Skip to Content
Technical Articles
Author's profile photo Willi Eimler

Understanding saprouter


In the past I always worked with saprouter without understanding the mechanism of the saprouter-rules completely. Thus resulted a saproutertab with lots of useless entries and the inflationary use of *. In order to be able to use a short saproutertab it is necessary to understand the effectiveness of a saprouter entry.

This BLOG is not a full documentation of the saprouter tool! For details please take a look at:

The saprouter controls connections. He permits or disables connection. This behavior depends on the rules defined in the saproutertab. A rule consists of 4 parts:

Part 1 | Part 2                 | Part 3                 | Part 4
D or P | Hostname of a starting | Hostname of an ending  | Port         
       | point of a connection. | point of a connection. |         


In Part 1: D stands for disable and P for permit. If you want to permit a connection from  server1 to server2 with port 3255 than the rule is:

P    server1        server2        3255

In my sap router tab I always disable all connections with:

D    *    *    *

I put this rule to the end of the saprotertab, because it would kill all P rules if it is the first rule. Every P rule after D * * * is ignored.  Then I allow each connection I want to use.

So far it is very simple. But what rules are needed to allow a connection passing several saproutes? For this scenario I use an example with 3 saprouter hops for a connection. I describe how to maintain the saproutertab and how to test the connection with niping. In order to understand the mechanism of the following scenario it is crucial to know, that saprouters communicate with other saprouters via the standard saprouter port (3299).

Scenario Port 1442

We want to communicate from Server A with Server B via port 1442. In the following picture you can see the path of communication and the Names and hostnames of each saprouter.

Now let’s consider how to maintain the saproutertab:

We know:

1.    The saprouter communicate with other saprouter via standard saprouter port (in this case 3299).

2.    The saprouter disables/permits connections.

3.    The port of the addressed server is used.

With this 3 points we can maintain the saproutertab of every saprouter:

Saprouter 1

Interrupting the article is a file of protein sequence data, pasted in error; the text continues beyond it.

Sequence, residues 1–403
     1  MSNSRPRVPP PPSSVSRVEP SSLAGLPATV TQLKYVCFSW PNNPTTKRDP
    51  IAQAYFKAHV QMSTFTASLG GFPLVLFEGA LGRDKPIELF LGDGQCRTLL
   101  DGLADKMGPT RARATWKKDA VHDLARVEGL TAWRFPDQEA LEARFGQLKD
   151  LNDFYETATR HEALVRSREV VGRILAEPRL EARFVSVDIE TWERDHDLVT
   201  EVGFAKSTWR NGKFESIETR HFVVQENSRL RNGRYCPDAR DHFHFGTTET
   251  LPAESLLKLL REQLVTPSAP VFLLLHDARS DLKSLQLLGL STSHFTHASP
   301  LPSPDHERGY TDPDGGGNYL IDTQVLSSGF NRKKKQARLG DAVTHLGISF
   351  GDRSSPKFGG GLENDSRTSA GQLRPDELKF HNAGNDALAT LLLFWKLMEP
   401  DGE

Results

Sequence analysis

P    Host_A    Host_2        3299

D    *         *             *      

Saprouter 2

P    Host_1     Host_3       3299

D    *          *            *

Saprouter 3

P    Host_2    Host_B        1442

D    *         *             *   


For the rules the port used on the destination host is important. For the rule in saprouter 1 the port is 3299 because saprouter 2 communicates with saprouter 1 via port 3299. With niping you can test your saproutertab entries. For the simulation of a server use:

niping -s -I 0 -S 1442 -R -P

And for the corresponding client use:

niping -c -H /H/Host_1/H/Host_2/H/Host_3/H/Host_B -S 1442 -R -P

I like to use the niping in raw mode, because in raw mode I can simulate communication with any port I want.

Testing with niping:

niping tests the connection via the saprouter and gives an error message, when a communication is not possible. Lets change the rule in saprouter 2 from

P Host_1 Host_3     3299


P Host_1 nonsense   3299

niping -c -H /H/Host_1/H/Host_2/H/Host_3/H/Host_B -S 1442 -R -P

Now niping will throw the following error:


The error states the information you need to repair the wrong saproutertab configuration:

     Error Host_2: route permission denied ( Hoste_1 to Host_3, 3299)

The error states the saproutertab entry needed to permit the connection.

     P Host_1 Host_3     3299

Scenario Port 3200

Now, we want to connect to a sap system via the tree saprouters. The following picture shows this:

The 32<SysNr.> Port is the SAP Dispatcher port, used by SAP GUI. SysNr. is the Systemnumber of the sap system. In this case the systemnumber is 00 and we use 3200.

In Saprouter 1 we have to add the rule (this rule is going to overrule the entry P     Host_A     Host_2     3299):

P     *               Host_2     3299

This rule is necessary because we want to login with every frontend with a sap-gui. If you want to login only with one frontent Forntend_1 you have to replace rule P * Host_2 3299 by:

P     Frontend_1      Host_2     3299

In Saprouter 2 we don’t have to add a new rule because the communication between the saprouters was not changed. In the last saprouer we have to add the rule for the communication via port 3200:

P     Host_2          Host_B     3200

The configuration of the saproutertabs is:

Saprouter 1

P    *         Host_2        3299

D    *         *             *


Saprouter 2

P    Host_1     Host_3       3299

D    *          *            *  


Saprouter 3

P    Host_2    Host_SAP      3200

D    *         *             *    



In order to test the connection we make the following entry in the sap logon:

If there is an error in the configuration of the saproutertabs you are will get an error like this:


In this case the error can only be located in the 1st or second saprouter (because of port 3299). If the entry in the last saprouter is wrong you get an error with port 3200. If there is no error you get the login screen.


Hope you enjoy this blog.

Usefull links


SAProuter Strig

nipping als Portprüfung (RAW-Mode)

OSS zu niping

500235 – Network Diagnosis with NIPING

Configure SNC saprouter

Assigned Tags

      You must be Logged on to comment or reply to a post.
      Author's profile photo Divyanshu Srivastava
      Divyanshu Srivastava

      I have only scrolled and this looks good..

      Thanks and well done 🙂


      Author's profile photo Willi Eimler
      Willi Eimler
      Blog Post Author

      Thanx Divyanshu.

      Author's profile photo Divyanshu Srivastava
      Divyanshu Srivastava

      5 stars from me.. 😛